KABUL: A senior UN envoy has arrived in Kabul to help electoral officials deal with allegations of massive fraud in the recent presidential elections, a UN spokesman said today.
Afghans voted on August 20 in
presidential and provincial council elections that have since been mired in accusations of ballot-stuffing and vote-rigging principally in favour of
President Hamid Karzai.
Preliminary results released last week show Karzai leading with nearly 55 per cent of the vote, against his nearest rival Abdullah Abdullah with 27.8 per cent. Turnout was a meagre 38.7 per cent.
A drawn-out counting process
allowed fraud allegations to gain
momentum, with the Electoral Complaints Commission (ECC) identifying over 2,500 polling stations where “clear and convincing evidence of fraud” merits a recount. The Independent Election Commission (IEC) — accused of being stacked with Karzai cronies — says such an audit would take six weeks, and are urging an alternative to prevent prolonged political crisis.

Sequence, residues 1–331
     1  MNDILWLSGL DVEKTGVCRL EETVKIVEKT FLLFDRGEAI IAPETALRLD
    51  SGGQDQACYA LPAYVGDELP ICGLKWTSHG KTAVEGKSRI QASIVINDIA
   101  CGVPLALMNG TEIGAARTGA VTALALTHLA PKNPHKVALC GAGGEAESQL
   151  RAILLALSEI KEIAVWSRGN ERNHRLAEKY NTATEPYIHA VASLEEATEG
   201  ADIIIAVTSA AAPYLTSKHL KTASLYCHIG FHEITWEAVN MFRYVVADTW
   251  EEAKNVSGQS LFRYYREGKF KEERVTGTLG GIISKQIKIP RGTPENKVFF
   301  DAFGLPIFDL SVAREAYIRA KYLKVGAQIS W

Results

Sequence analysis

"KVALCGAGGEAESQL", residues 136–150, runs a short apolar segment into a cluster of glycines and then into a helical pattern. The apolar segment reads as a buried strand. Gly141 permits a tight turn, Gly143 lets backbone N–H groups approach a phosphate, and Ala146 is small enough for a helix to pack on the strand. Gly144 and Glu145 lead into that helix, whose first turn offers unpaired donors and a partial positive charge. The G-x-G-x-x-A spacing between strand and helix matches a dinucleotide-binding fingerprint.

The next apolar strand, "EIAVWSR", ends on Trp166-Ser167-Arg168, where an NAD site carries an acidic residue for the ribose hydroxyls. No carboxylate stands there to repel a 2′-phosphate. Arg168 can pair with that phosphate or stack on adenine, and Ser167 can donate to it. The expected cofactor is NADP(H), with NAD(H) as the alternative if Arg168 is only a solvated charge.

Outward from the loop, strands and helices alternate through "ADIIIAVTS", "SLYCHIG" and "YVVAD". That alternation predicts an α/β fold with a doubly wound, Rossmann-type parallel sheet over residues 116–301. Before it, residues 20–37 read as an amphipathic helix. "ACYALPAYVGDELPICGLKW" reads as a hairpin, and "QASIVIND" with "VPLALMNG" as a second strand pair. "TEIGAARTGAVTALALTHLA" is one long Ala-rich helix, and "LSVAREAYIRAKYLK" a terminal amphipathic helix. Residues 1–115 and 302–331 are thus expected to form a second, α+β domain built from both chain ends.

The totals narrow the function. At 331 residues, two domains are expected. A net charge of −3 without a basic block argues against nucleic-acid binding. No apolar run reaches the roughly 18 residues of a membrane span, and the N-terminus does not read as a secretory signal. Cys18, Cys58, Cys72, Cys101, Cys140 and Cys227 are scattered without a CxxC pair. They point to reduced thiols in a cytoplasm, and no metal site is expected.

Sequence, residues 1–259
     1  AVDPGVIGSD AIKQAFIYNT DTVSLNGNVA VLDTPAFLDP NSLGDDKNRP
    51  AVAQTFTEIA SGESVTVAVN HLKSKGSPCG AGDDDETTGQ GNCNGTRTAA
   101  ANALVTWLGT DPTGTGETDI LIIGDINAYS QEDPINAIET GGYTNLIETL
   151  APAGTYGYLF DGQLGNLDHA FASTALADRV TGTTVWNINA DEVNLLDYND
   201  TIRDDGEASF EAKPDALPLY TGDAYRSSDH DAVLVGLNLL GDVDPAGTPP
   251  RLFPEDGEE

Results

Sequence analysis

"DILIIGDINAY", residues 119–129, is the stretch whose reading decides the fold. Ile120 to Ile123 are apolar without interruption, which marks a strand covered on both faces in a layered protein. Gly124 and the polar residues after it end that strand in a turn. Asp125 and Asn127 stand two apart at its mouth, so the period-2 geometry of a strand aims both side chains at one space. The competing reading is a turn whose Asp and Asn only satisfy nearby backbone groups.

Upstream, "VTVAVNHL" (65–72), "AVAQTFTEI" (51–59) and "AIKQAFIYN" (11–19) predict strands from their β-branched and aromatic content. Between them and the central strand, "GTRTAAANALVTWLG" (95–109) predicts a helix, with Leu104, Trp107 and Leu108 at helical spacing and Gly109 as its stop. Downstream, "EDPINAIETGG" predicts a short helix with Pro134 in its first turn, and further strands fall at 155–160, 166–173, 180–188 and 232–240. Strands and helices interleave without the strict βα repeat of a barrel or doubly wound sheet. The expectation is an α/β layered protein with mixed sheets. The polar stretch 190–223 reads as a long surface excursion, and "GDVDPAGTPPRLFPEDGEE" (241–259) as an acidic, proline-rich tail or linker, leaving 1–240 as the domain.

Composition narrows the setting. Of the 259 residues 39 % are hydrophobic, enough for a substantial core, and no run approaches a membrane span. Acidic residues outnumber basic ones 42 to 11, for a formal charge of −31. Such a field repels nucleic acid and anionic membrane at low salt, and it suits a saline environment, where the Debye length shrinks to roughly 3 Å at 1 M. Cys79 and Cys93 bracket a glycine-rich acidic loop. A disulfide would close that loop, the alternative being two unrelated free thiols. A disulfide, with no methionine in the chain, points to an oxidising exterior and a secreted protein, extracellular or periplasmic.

With the two bodies deadlocked on how to proceed, the UN has brought in an “electoral expert who is advising the IEC and the ECC on how to conduct the partial recount in a timely fashion with integrity so that the final outcome reflects the will of the people,” said UN spokesman Aleem Siddique.
He would not name the official,
but London’s Sunday Telegraph newspaper identified him as Carlos
Valenzuela, a Colombian with experience of controversial elections who was in Afghanistan during 2005 polls.
Siddique did not deny the official is Valenzuela.